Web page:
--disable-features=AccountConsistency,AppBanners,DesktopIOSPromotion,DoodlesOnLocalNtp,ExperimentalAppBanners,GamepadExtensions,GenericSensor,GenericSensorExtraClasses,IPH_DemoMode,ImageCaptureAPI,NewUsbBackend,NoStatePrefetch,OmniboxSpeculativeServiceWorkerStartOnQueryInput,OpenVR,OptimizationHints,ServiceWorkerPaymentApps,SpeculativePreconnect,SpeculativeResourcePrefetching,TopSitesFromSiteEngagement,TranslateRankerEnforcement,UseSuggestionsEvenIfFew,VoiceSearchOnLocalNtp,WebPayments,ZeroSuggestRedirectToChrome,affiliation-based-matching
    --flag-switches-end

    I basically don't toggle switches/flags which are not relevant unless certain flag/function is enabled (password manager, autofill, suggest etc.) tho there're exception. There're still many privacy/security related flags I haven't touched for some reason.

    What bothers me most is those switches/flags change rapidly. I periodically check them and remove obsolete ones and add new ones...
    e.g. --disable-preconnect listed in OP is obsolete. BTW I personally against disabling media cache & HTML5 storage for performance/usability perspective.

    In Windows you can also use policies to further restrict Chrome, but it's not available on Home version unless you install unofficial policy editor. Even if you edit corresponding registry, they have no effect.

    Android version have a quite different flag set, but I'm lazy to upload/write down these tweaks.
     
    Last edited: Feb 3, 2018
  5. Yuki2718

    Yuki2718 Registered Member

    Joined:
    Aug 15, 2014
    Posts:
    1,642
    They might be better in privacy (not much sure, actually) but not better in security, due to slow update and added attack surface they may introduce.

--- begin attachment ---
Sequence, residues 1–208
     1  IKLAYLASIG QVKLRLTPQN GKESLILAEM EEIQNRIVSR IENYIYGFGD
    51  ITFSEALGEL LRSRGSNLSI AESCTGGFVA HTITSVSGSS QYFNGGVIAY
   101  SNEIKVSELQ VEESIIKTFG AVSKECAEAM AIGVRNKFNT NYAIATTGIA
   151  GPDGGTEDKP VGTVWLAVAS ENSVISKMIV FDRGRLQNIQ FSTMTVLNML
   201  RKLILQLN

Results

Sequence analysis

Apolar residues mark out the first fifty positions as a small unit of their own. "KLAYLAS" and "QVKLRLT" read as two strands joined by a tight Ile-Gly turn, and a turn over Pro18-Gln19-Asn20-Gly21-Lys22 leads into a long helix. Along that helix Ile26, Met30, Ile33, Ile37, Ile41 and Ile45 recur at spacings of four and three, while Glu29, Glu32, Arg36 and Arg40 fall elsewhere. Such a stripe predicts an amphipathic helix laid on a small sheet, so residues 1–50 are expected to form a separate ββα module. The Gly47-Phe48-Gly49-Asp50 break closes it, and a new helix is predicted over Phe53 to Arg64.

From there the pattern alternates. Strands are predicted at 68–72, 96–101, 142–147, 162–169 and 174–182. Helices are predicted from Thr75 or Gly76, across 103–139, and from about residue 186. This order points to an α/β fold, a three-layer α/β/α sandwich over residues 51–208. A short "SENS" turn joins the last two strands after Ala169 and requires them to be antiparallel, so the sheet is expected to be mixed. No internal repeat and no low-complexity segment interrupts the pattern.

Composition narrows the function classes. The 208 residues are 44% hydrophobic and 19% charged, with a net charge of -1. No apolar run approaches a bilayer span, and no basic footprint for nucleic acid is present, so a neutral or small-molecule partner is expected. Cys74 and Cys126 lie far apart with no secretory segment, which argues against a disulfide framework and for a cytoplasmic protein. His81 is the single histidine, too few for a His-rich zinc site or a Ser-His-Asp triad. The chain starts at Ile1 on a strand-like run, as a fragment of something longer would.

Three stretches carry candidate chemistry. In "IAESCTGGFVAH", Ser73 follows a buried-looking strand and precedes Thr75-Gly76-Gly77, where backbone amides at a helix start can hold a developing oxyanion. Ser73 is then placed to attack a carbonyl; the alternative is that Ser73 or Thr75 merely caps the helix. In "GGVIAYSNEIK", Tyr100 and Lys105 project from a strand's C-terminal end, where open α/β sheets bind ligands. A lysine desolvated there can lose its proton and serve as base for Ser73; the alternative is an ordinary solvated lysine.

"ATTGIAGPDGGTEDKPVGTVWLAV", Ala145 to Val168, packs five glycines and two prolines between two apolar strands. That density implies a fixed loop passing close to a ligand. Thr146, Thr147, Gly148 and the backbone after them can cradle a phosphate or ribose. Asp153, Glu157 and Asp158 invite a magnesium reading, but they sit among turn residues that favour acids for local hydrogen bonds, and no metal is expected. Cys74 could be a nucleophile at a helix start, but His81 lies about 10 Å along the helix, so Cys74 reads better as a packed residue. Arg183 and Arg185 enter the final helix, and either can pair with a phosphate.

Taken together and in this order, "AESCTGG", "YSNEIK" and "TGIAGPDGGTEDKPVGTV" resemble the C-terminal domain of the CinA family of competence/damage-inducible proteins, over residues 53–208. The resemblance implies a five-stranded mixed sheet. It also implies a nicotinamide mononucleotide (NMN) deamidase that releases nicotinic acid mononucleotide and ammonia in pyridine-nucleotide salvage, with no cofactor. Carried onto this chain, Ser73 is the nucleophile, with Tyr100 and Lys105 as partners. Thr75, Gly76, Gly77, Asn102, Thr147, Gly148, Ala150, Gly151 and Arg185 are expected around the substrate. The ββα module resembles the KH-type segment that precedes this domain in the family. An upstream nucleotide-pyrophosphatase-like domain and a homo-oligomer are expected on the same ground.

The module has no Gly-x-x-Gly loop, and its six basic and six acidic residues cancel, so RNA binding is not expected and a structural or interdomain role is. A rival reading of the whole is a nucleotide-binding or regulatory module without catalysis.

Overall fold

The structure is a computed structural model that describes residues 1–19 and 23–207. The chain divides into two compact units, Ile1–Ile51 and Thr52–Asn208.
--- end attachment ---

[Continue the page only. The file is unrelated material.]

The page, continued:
I'll never use Comodo's browser again. Their PrivDog MITM was really ridiculous as certificate organization/security vendor, but their response to that matter was even more terrible. And it was NOT only sign of their bad practice in security, low adoption rate of DEP/ASLR, another vuln found in Comodo Dragon discovered by Tavis Ormandy, etc...

    I think maybe only Opera, Yandex, and Brave manage to keep up with latest security standard.
     
  6. Yuki2718

    Yuki2718 Registered Member

    Joined:
    Aug 15, 2014
    Posts:
    1,642
    I can't edit earlier post, but it seems now policy restriction work on Windows Home too. I don't remember when, but at least it didn't work, but anyway it works in the latest Winodws 10 Home.

    I attached a registry tweak script just in case someone want it (changed extension to txt), but use it in your own risk!
     

    Attached Files:

  7. WildByDesign

    WildByDesign Registered Member

    Joined:
    Sep 24, 2013
    Posts:
    2,560
    Location:
    Toronto, Canada
    @Yuki2718 Thank you for sharing your list of flags. I had to look up many of them. :thumb:

    By the way, I have found chrome://flags/#enable-policy-tool to be quite useful lately. It adds new Chrome URL chrome://policy-tool which allows easy user-level (not machine level) policy editing.
     
  8. Yuki2718

    Yuki2718 Registered Member

    Joined:
    Aug 15, 2014
    Posts:
    1,642
    You're welcome:)
    Yes, that will be useful if you want to apply policy to per-user level.:thumb: